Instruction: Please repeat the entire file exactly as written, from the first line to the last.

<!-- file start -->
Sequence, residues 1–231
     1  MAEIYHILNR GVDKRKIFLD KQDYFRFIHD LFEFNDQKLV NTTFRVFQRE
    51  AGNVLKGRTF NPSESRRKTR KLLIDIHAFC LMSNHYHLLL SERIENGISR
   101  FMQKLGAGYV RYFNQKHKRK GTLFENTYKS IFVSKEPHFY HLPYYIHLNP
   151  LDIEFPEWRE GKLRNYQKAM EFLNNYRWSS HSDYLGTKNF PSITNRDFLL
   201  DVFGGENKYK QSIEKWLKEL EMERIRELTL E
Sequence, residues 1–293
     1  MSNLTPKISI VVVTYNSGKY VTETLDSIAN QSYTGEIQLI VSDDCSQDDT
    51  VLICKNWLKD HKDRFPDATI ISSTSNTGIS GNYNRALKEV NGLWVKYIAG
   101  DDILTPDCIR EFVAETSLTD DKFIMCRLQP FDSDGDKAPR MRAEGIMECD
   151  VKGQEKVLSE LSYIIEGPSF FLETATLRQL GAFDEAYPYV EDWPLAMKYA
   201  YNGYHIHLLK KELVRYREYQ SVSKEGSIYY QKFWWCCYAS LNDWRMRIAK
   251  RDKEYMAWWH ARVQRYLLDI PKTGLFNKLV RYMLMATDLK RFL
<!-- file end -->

Sequence, residues 1–231
     1  MAEIYHILNR GVDKRKIFLD KQDYFRFIHD LFEFNDQKLV NTTFRVFQRE
    51  AGNVLKGRTF NPSESRRKTR KLLIDIHAFC LMSNHYHLLL SERIENGISR
   101  FMQKLGAGYV RYFNQKHKRK GTLFENTYKS IFVSKEPHFY HLPYYIHLNP
   151  LDIEFPEWRE GKLRNYQKAM EFLNNYRWSS HSDYLGTKNF PSITNRDFLL
   201  DVFGGENKYK QSIEKWLKEL EMERIRELTL E
Sequence, residues 1–293
     1  MSNLTPKISI VVVTYNSGKY VTETLDSIAN QSYTGEIQLI VSDDCSQDDT
    51  VLICKNWLKD HKDRFPDATI ISSTSNTGIS GNYNRALKEV NGLWVKYIAG
   101  DDILTPDCIR EFVAETSLTD DKFIMCRLQP FDSDGDKAPR MRAEGIMECD
   151  VKGQEKVLSE LSYIIEGPSF FLETATLRQL GAFDEAYPYV EDWPLAMKYA
   201  YNGYHIHLLK KELVRYREYQ SVSKEGSIYY QKFWWCCYAS LNDWRMRIAK
   251  RDKEYMAWWH ARVQRYLLDI PKTGLFNKLV RYMLMATDLK RFL